We headed east and climbed the hills outside Pisa, pausing to look back at a dramatic vista: the city as model-railroad layout, its flatness pierced by a tiny, tilted tower. Our next stop was Lucca, the birthplace of Giacomo Puccini, composer of La Bohème and Madama Butterfly. I was not unhappy to learn that private cars aren't allowed beyond the 40-foot ramparts that surround the city; we left ours in a lot outside.
Born in 1858, Puccini was not a Renaissance figure, but his home is the model of what a house museum should be, containing artifacts to which anyone, not just scholars, can relate. The composer lived as a child with his parents and sisters on the second floor of a multi-family dwelling near the center of town. The apartment retains the feel of a private residence. Puccini's earliest scores are on view in what was once his parents' bedroom; other exhibits include his Steinway piano, his fur-lined evening coat, and his white silk scarf.
One display moved me deeply. Puccini died of throat cancer in 1924 after an operation that left him unable to speak. In a vitrine near his Steinway are his final words: a half-dozen shaky scribbles on several sheets of paper. A docent explained that, after requesting water, Puccini apologized to his wife for his infidelities. Perhaps because Turandot was playing in the background, or perhaps because death—as any operagoer knows—confers solemnity, I found myself weeping.
I was brooding as we left the composer's house museum for the Hotel Villa La Principessa, a property once owned by Castruccio Castracani (the Luccan general said to have been the model for Machiavelli's ideal prince). Thankfully, after walking the wooded grounds and dining on marinated salmon, thyme-and-lemon-scented chicken, and minestrone seasoned with heavenly local olive oil, my mood lifted. I felt like an ideal princess myself.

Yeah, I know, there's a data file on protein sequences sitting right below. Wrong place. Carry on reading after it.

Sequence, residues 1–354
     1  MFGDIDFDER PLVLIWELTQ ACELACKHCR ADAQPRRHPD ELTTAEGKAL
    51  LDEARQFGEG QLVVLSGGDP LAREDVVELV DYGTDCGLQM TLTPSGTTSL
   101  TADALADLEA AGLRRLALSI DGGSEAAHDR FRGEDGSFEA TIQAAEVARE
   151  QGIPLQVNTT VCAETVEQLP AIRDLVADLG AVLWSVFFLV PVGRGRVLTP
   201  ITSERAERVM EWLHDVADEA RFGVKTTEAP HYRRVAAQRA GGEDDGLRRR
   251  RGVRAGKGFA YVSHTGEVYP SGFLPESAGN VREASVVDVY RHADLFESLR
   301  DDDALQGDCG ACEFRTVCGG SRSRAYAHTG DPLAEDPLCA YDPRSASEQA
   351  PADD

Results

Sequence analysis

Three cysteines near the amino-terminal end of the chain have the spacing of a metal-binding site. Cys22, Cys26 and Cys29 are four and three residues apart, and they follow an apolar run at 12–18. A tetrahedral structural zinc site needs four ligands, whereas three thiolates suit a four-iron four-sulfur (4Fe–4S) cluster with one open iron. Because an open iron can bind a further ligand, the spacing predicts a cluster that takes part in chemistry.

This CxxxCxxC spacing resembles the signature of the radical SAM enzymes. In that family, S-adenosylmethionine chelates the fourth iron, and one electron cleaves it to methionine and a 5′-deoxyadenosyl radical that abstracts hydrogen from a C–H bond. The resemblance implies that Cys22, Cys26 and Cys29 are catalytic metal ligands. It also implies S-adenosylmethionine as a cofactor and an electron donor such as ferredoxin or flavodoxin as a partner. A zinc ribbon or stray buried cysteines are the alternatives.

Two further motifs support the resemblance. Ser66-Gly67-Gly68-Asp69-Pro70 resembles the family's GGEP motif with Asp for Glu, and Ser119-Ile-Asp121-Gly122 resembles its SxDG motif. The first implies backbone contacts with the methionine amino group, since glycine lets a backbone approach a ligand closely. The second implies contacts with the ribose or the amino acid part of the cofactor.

The following morning we set off for Vinci, motoring east from Lucca to Pistoia, then heading south 17 miles to Anchiano, where Leonardo was actually born in 1452—not in Vinci, less than two miles south. Winding down a skinny stretch of road, we discovered ancient olive trees, columnar cypresses, and mountain vineyards. Grape arbors pressed against one side of the road; drying laundry hugged the other.
Leonardo's birthplace was well off the beaten path, with not a tour bus in sight. The house itself is an unimpressive, low-slung stone structure. What really attracted us was its view, the distant Tuscan landscape that often fills the background in Renaissance portraits. Down the hill in Vinci, there is a museum of models based on inventions from Leonardo's notebooks: a wooden bicycle, an underwater breathing apparatus.
We continued south to Certaldo, a tiny walled city on a hill, where Giovanni Boccaccio was born and spent the final decade of his life. To reach it, we parked our car in the new part of town, marked by industrial buildings from the mid-20th century, and boarded a creaky funicular (an older version of the high-tech trams that whisk skiers up mountains). We loved the funicular's lazy paceand the long views of the Tuscan plain.